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Tampere University of Technology (2014)

Water Network Management Plan for Keetmanshoop, Namibia

Aalto, Matti

Titre : Water Network Management Plan for Keetmanshoop, Namibia

Auteur : Aalto, Matti

Université de soutenance : Tampere University of Technology

Grade : Master of Science (MS) 2014

Namibia is one of the driest countries in the world, but water distribution is not technically difficult to implement for population of 2.3 million. Rainy season gives enough water to reservoir lakes for whole year, land is sandy and easy to dig and pipes do not need to be installed deep because air temperature is always on plus degrees. Still weakly organized water distribution causes big losses and extra work in municipality of Keetmanshoop. The municipality buys 1.7 million cubic meters water per year from a bulk water supplier, NamWater. Only 65% of water bought from Namwater is billed from customers. The rest 35% consists mainly of metering errors, leaks and municipality’s own use. Unbilled water causes 4 000 650 N$/y (537 000 m3) losses for municipality. Average annual increase of unpaid bills is 26 % of total sales, which increases economic difficulties. Totally about half of water bought from NamWater is lost through leaks in network or leaks in customers’ water fixtures. Minimum night flow to network is normally 100-110m3/h year round, which is about 50-55% of average daily flow. Tens of valves are leaking, but smaller leaks are seldom fixed as plumbers concentrate on fixing big pipe bursts. In 2012 the main valves were checked with plumbers, water distribution map was updated and the network was planned to be divided in 45 sectors by 104 valves. Already 55 of them are usable, 28 should be added, 13 should be replaced and the condition of 8 should be checked. Because of inactive water meters 818% of business-consumers’ consumption is not measured. Money loss of 300 000 – 700 000 N$/y can be reduced to under 50 000 N$/y by simply replacing inactive meters. Many meters of big users were also inaccurate. Tested meters ran on average 30.3 % less than the real flow. Investments in planning would be profitable. With such big water- and economical losses like in Keetmanshoop, a water engineer could find more savings for municipality than his/her salary costs are. After hiring a water engineer and replacing inactive water meters, next steps are replacing the most important valves and taking the water distribution map in use. After suburb water meters and pressure reducing valves are installed, it is time to start systematically rebuild the network road by road. Simple calculations of money savings are almost always the easiest way to rationalize the importance of investments. Methods of calculating water balance in Keetmanshoop are also suitable for other cases. Even rough calculations show the magnitude of water- and economical losses, which often are sufficient arguments to start developing the water distribution system.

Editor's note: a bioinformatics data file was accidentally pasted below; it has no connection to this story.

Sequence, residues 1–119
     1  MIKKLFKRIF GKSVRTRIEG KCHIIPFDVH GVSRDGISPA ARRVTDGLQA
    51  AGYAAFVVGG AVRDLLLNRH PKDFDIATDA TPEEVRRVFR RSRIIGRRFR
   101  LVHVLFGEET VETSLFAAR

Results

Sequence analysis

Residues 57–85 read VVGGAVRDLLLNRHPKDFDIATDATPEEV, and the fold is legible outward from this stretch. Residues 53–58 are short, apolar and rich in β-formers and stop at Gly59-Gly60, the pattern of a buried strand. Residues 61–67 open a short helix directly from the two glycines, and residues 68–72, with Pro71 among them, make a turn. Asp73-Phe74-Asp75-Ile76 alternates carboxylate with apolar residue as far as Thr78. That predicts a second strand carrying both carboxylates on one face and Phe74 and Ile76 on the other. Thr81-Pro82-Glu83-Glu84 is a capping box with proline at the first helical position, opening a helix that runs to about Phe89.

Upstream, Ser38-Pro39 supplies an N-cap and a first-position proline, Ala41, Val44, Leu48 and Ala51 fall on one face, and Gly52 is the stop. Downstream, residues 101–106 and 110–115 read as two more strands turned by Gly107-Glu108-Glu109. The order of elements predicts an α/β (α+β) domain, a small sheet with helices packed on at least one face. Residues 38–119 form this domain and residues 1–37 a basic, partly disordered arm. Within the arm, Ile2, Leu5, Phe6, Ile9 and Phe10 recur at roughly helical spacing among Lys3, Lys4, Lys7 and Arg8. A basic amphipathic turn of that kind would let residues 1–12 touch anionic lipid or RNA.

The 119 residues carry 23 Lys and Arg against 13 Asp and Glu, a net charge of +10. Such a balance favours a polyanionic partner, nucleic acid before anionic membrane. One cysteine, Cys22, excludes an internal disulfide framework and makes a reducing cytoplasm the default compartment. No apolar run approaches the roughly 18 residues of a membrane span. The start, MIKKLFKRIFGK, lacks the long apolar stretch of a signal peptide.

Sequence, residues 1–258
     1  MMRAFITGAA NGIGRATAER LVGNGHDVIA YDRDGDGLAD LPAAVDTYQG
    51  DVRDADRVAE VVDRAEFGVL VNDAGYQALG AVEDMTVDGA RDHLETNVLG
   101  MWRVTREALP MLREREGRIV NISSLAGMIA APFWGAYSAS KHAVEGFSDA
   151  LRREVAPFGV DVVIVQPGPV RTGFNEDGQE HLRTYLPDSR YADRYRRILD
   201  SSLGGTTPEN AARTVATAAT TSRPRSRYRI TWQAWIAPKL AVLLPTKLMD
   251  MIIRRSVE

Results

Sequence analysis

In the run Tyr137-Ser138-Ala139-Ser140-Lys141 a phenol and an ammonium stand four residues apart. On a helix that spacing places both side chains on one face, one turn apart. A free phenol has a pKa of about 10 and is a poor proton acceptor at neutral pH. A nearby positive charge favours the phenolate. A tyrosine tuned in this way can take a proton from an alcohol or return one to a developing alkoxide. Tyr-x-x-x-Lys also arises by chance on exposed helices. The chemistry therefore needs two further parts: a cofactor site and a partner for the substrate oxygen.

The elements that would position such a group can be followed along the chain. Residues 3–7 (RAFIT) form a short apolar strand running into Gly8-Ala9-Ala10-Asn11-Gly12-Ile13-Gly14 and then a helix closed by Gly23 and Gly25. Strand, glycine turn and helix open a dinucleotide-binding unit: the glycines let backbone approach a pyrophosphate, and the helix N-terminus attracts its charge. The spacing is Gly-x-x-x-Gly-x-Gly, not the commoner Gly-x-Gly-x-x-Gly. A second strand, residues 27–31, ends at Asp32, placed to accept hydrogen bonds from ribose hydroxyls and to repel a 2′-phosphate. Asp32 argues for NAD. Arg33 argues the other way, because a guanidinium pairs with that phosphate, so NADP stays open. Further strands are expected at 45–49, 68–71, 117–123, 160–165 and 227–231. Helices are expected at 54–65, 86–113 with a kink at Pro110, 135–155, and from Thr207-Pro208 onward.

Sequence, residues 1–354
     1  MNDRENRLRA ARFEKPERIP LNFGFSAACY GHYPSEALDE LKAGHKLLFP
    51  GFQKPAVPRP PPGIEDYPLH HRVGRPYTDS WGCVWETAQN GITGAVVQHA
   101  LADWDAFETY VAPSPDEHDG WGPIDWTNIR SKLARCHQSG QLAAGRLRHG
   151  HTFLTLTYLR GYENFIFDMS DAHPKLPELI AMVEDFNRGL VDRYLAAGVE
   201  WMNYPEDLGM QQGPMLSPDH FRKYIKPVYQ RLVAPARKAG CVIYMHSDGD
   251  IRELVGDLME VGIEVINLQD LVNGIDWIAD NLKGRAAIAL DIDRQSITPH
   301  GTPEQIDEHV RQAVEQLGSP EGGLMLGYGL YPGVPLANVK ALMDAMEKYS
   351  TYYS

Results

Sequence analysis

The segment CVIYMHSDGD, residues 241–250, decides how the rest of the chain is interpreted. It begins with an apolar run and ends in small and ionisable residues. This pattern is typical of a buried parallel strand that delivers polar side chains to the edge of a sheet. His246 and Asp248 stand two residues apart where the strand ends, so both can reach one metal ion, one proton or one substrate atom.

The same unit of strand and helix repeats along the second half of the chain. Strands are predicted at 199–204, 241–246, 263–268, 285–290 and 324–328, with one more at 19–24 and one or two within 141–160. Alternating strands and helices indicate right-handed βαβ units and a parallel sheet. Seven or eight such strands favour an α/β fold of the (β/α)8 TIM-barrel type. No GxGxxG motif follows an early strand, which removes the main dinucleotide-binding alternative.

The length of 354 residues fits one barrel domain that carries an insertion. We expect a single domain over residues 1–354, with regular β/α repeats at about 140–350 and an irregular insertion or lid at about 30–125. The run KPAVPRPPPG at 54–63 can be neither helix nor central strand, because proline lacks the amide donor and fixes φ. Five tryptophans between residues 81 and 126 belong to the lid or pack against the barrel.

Mots clés : non-revenue water, water distribution network, development, Keetmanshoop, Namibia


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